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Hedge Woundwort

Scientific Name: Stachys sylvatica
Other names: Whitespot, Downy Woundwort, Hedge Stachys, White-spot Betony
Family: Lamiaceae (Labiatae)

A member of the Labiatae or Dead-nettle family, this perennial reaches about 75cm in height. It has a distinctive unpleasent smell when crushed, and although similar in looks to a nettle, it does not sting. Grows in sun or partial shade in well drained soil spreading mainly by extended rhizomes.

The velvety, dark green leaves have serrated edges, with long petioles which are about a quarter of the total length, and oppose each other on the hairy, square stem. They are an elongated heart-shape, 5 to 15 cm long and 2 to 5 cm wide with a tapered end.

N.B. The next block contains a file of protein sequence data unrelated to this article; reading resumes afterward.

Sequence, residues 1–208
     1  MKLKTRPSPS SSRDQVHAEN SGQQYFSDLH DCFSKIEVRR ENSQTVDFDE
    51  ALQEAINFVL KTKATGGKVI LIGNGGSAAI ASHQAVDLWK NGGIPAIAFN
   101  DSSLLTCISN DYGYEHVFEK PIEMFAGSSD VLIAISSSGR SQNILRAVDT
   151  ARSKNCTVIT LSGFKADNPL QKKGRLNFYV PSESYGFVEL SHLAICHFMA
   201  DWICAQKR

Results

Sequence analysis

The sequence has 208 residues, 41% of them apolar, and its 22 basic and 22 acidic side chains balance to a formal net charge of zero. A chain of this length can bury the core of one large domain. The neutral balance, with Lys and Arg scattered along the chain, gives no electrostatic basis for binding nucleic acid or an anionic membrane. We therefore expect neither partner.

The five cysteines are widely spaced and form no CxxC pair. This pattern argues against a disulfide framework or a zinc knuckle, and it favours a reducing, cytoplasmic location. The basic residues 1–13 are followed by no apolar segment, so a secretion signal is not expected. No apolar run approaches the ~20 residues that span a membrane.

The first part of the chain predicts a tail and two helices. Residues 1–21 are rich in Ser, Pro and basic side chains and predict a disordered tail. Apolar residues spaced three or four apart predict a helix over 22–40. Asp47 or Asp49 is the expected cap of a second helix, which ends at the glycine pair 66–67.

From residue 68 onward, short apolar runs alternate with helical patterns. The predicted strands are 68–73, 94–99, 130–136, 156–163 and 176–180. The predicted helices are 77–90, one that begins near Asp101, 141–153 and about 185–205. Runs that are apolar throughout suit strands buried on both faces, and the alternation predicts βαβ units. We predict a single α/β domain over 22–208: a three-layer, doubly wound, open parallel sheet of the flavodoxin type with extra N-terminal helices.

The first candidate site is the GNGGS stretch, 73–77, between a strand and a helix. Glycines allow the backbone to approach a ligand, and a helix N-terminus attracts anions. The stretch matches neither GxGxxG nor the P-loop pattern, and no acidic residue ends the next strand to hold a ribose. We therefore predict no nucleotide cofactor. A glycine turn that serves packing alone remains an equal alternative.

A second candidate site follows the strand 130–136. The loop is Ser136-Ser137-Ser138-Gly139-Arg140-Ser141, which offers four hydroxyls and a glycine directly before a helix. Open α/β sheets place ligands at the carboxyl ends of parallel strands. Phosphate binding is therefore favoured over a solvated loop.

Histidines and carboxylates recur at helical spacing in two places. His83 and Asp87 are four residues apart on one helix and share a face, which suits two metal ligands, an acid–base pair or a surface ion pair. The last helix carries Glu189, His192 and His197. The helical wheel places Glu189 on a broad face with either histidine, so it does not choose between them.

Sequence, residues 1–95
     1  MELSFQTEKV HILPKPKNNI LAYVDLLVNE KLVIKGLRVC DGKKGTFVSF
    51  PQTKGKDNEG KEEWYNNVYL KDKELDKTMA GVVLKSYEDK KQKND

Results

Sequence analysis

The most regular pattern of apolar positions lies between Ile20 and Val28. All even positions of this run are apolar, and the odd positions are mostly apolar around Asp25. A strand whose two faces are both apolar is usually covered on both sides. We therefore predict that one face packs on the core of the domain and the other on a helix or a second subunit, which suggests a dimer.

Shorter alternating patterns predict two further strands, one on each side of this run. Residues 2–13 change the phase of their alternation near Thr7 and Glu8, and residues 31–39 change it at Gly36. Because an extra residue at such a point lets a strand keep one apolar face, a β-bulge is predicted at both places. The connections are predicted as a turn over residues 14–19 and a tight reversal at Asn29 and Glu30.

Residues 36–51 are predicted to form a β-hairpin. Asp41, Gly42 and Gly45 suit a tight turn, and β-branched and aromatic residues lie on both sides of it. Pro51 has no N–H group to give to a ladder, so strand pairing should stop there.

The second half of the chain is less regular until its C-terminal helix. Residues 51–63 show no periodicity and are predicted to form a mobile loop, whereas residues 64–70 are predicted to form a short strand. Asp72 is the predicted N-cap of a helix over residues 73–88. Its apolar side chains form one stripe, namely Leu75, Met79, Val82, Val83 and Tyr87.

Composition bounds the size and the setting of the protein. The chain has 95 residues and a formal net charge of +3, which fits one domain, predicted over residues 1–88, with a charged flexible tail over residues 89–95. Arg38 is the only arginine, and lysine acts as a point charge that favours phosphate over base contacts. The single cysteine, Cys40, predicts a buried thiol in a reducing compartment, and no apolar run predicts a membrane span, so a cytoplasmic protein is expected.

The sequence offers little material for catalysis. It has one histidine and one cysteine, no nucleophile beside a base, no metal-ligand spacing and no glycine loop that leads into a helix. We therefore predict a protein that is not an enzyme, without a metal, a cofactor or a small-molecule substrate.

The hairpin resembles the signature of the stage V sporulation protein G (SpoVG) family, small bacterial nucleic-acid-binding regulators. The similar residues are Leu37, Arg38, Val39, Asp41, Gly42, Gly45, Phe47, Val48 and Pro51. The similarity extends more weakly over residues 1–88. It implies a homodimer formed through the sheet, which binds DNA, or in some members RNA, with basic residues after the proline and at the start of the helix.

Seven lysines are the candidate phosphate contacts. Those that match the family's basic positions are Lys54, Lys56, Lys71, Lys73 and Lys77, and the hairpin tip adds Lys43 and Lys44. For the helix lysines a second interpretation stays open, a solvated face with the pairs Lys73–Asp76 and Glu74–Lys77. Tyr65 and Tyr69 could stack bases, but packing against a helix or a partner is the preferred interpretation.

Spikes of hooded flowers appear in whorls from June to October. They vary from pink to dark purple and the lower lip has paler markings.

The underground stems are shallow and easily uprooted but any remaining parts may regrow. Does not withstand repeated close cutting.
A systemic or translocated herbicide will work, eg Gylphosate.

See also Stinging Nettle and Common Hemp-nettle which have similar leaves.
A close relative Marsh Woundwort, S. palustris, can also cross pollinate with it to produce Hybrid Woundwort which is usually sterile. The main distinguishing feature is the leaves on the upper stem which have a short petiole; S. palustris leaves have no stalk and S. sylvatica leaves have a stalk that is about a quarter of their length. The feel of the hybrid leaves is closer to that of S. sylvatica.

picture of Hedge Woundwort

picture of Hedge Woundwort roots

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